iFixit Teardown: M1 MacBook Pro and MacBook Air Internals Nearly Identical to Intel Models
iFixit today shared a teardown overview of the new MacBook Air and MacBook Pro, giving us a peek at what's under the hood. For the most part, these machines look the same as older Intel MacBooks inside, but there are a few highlights.
The removal of the fan is the biggest change to the MacBook Air, with the fan having been replaced by an aluminum spreader located to the left of the logic board.
A thick cold plate over the M1 processor draws heat via conduction to its flatter, cooler end, where it can safely radiate away. Without a fan, this solution may take longer to cool off, and may cap out sooner, but by foregoing heatpipes or a vapor chamber, the sink also has more mass to saturate with thermal energy. There are no moving parts, and nothing to break.
Aside from a new logic board and cooler, the inside of the MacBook Air is identical to its predecessor, and iFixit says that repair procedures "will likely remain almost totally unchanged."
As for the MacBook Pro, it's so similar to the prior model that iFixit had to double check to make sure an old MacBook Pro hadn't been accidentally purchased.
iFixit expected to see some consolidation of MacBook parts and design, but the cooling setup is similar to what's seen in Intel MacBook models. The fan, in fact, is identical to the fan in the 2020 13-inch MacBook Pro released earlier this year.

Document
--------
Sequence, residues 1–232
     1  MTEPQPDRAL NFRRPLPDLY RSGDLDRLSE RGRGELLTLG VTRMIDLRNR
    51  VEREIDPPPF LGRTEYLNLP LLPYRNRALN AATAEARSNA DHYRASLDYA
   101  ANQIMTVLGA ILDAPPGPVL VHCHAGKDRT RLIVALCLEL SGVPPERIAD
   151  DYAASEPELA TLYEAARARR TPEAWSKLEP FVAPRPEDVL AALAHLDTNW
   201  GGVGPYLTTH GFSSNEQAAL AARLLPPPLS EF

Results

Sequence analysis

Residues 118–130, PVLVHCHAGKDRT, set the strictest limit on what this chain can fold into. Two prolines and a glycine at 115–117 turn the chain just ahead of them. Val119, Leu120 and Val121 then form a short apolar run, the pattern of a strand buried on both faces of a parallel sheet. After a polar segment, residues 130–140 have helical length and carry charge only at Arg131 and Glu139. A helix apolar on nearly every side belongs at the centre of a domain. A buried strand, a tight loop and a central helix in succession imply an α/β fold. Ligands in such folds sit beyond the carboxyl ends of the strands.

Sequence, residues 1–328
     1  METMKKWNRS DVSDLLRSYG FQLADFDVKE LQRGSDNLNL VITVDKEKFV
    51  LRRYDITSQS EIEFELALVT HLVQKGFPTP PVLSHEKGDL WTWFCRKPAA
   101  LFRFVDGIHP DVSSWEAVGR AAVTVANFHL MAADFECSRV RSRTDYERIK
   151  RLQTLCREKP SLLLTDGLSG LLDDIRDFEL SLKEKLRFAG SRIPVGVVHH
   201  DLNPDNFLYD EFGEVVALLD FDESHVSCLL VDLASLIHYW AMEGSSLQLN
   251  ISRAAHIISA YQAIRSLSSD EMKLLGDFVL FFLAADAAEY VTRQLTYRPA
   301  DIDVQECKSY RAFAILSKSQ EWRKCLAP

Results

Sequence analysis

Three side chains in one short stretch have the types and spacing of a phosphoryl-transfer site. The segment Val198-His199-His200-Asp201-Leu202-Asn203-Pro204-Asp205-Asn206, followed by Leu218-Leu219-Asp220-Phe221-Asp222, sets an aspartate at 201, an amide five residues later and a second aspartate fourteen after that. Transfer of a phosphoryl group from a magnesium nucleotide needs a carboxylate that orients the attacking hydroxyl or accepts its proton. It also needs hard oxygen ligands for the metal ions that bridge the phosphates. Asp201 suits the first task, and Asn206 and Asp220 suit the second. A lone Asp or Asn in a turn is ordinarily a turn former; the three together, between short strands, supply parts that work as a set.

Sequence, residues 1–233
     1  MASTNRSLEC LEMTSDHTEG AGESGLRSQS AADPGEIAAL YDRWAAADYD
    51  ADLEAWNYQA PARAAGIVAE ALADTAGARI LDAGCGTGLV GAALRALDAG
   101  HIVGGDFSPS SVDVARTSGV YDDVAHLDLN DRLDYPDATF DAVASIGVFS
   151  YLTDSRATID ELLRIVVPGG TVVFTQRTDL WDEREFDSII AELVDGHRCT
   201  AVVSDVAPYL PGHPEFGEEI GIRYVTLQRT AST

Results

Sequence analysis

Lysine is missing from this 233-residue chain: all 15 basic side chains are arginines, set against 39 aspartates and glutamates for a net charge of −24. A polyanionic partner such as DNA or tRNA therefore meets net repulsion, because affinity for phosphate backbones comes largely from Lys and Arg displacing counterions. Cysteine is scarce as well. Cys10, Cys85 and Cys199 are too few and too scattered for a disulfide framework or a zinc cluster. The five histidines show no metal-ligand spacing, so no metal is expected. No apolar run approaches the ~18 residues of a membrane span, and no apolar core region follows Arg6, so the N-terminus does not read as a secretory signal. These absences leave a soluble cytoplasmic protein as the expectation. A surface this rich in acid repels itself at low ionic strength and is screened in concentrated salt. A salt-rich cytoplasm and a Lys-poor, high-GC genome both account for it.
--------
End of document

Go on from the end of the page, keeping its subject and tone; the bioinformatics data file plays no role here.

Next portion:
While the internals of the MacBook Air and MacBook Pro are close to identical to their Intel counterparts, iFixit did take a look at the all-new M1 chip, which is the shiny silver bit with an Apple logo. Next to the chip, there are small silicon rectangles that are Apple's integrated memory chips.
iFixit says the integrated memory is "slightly devastating" because it makes repairs on the M1 Macs much harder. Note that there's no Apple-designed T2 chip in the M1 Mac models because the T2 security functionality is integrated right into the M1 chip.
iFixit says that while these seem like superficial changes, they're an expression of "years of intense work" with "hints of a lot more to come in the future." Head over to iFixit to read the full teardown.